The Cavalier Daily
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The Girl Next Door

"Charlotte doesn't like us walking through the halls in our underwear," first-year College student Phillip Whipple said. "But we still leave our doors open."

Many things will be different for first-year guys in Kent dorm this year. They have a new woman in their lives: She's their RA.

"I thought she [Cara] was just one of the [Greeters] who kept using our bathroom constantly on Move-In Day," first-year College student Craig Kemper said of the woman he later learned was his RA.

This year, the age-old rivalry between New Dorms and Old Dorms is overshadowed by talk about the girl living next door.

This year, three female RAs - second-year College students Charlotte Hudgins and Cara Coolbaugh and third-year College student Miya Hunter - will be in charge of halls of male residents.

Life in University residence halls has been changed. And it's all thanks to a statistical glitch.

"There was a mixup with the number of students" admitted to the University, said fourth-year College student and co-chairwoman of Residence Life Sarah Chewning.

According to Chewning, the Admissions Office typically selects a class composed of 60 percent females and 40 percent males. The residence life department selected RAs in the spring, anticipating that the ratio of females to males would remain three to two.

"We made [resident] staff selections based upon the composition of the typical first-year class," Chewning said.

This year, however, the percentages of male and 54 percent female, according to Ida L. Wootten of University relations.

Because the number of males admitted was nearly equal to females, residence life found they had under-anticipated the number of males who would enroll. They had no alternative but to assign three female RAs to male halls.

"It was weird for the first half hour, but once I accepted it, everything was alright," first-year Engineering student Grahame Burke said.

In two of the McCormick Road houses, Kent and Humphreys, the second floor, which has traditionally been female, is now male.

In fact, the bathroom signs on those floors still read WOMEN in bold letters.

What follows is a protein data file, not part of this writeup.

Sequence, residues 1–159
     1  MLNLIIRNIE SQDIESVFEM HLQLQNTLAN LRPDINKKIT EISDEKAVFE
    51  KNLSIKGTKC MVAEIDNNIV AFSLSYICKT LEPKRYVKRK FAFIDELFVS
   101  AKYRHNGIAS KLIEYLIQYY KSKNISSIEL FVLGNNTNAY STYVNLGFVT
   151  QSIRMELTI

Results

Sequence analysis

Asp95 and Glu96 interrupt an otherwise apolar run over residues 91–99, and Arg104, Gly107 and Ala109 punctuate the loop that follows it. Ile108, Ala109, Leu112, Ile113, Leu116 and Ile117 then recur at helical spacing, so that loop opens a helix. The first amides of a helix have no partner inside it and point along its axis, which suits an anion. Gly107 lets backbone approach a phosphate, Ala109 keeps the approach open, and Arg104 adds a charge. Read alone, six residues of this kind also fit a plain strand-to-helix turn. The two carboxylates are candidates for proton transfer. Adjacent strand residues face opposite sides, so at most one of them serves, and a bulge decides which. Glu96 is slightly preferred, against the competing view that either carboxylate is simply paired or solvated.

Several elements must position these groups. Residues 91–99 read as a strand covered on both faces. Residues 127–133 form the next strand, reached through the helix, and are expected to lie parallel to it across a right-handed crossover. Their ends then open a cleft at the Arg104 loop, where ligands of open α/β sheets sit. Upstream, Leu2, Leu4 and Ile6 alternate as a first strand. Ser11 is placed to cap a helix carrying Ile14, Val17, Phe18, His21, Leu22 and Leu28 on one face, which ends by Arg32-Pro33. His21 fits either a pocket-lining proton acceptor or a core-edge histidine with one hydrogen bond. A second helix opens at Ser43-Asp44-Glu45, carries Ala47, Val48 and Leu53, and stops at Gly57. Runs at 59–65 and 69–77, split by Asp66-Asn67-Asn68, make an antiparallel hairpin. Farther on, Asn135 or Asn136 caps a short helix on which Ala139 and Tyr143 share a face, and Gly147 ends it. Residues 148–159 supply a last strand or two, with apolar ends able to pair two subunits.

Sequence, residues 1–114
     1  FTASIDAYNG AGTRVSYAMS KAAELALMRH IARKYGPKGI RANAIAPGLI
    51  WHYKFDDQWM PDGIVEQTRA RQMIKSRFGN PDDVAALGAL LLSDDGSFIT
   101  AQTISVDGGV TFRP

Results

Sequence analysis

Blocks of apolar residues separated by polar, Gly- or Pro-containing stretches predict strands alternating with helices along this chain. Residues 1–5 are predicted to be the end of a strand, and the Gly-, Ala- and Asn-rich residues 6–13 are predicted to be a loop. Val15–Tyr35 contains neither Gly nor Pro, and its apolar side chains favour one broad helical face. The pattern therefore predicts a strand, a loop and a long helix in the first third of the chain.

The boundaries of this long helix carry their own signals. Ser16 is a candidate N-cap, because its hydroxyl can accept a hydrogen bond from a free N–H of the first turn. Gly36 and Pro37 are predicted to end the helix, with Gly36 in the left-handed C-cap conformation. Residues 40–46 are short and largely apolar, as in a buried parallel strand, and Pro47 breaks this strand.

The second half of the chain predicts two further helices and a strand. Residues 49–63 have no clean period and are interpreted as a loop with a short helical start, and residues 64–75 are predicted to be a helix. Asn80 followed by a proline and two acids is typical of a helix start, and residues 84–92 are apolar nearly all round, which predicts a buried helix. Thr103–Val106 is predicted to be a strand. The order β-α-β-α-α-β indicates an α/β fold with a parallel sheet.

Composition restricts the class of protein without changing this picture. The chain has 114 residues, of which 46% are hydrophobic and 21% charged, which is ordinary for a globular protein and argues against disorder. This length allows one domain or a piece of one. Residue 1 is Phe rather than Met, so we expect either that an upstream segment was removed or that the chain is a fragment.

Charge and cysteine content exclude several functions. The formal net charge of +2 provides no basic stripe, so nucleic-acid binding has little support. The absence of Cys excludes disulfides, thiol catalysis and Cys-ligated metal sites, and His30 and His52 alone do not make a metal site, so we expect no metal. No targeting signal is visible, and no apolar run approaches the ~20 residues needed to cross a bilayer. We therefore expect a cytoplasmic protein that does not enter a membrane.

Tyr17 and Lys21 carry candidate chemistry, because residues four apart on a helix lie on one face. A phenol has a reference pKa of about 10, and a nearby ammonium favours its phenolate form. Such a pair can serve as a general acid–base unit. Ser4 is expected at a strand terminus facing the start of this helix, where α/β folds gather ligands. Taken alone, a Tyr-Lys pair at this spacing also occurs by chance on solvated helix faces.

"I remember when I first came in and saw 'Cara' written on the RA door. Then there was a Women's sign on the bathroom door. I figured I had to be on the entirely wrong hall," first-year College student Paul Crane said. Crane lives on the second floor of Kent and is one of Cara Coolbaugh's residents.

Hudgins, who was notified over the summer that she would supervise males in the first-right hall of Kent, said she was a little taken back by the news.

"I was surprised and excited about the challenge -- I figured that being an RA would be challenging anyway," she said.

While somewhat nonplussed by the experience at first, Hudgins said she is pleased with her residents so far.

"These guys are pretty cool and I enjoy them," she said.

And the residents, for the most part, agree.

"Cara's like one of the boys," first- year Engineering student Rafael Defaria said.

Crane agreed. "I think she could kick all our butts, she's pretty buff," he said. "So is her boyfriend. He'd be there to back her up if things got out of hand."

Defaria admitted that even though it can be easier to relate to guys at times, he can get good tips about girls from his female RA.

"I had two sisters growing up, so it's nothing new," Kemper said of living with Coolbaugh.

Hudgins has also scheduled activities for her residents focusing on male issues in an effort to connect with her hallmates of the opposite sex.

She has scheduled a visit with One in Four, a peer education group of male University students who work with men to educate them about sexual assault, notably rape.

"I'm providing information from Student Health [on] general men's health," Hudgins said.

Hudgins also described the experience as a chance to learn what guys act like behind closed doors.

"I've always lived with girls, so it's been interesting to see what it is that guys like to do," she said.

While sexual harassment seems like a remote issue to Hudgins at this time, she said she is prepared to deal with anything.

"I'm a very strong individual, and I think that I can nip anything in the bud," she said.

While Hudgins feels confident about performing the duties outlined by the residence life program, she may have difficulty with the more intangible aspects of her position, like forming a strong bond with her male residents.

"There are three [aspects] in being an RA: being an agent of the University, to be a resource [for first-years], and to be a friend," said fourth-year College student and former RA Steven Shepherd.

Both the first roles, he said, could be accomplished well by either gender.

"But for the third part, I'd be a little concerned that I couldn't form friendships as well" with members of the opposite sex, Shepherd added.

So far, though, the situation seems to be working out well for all parties involved.


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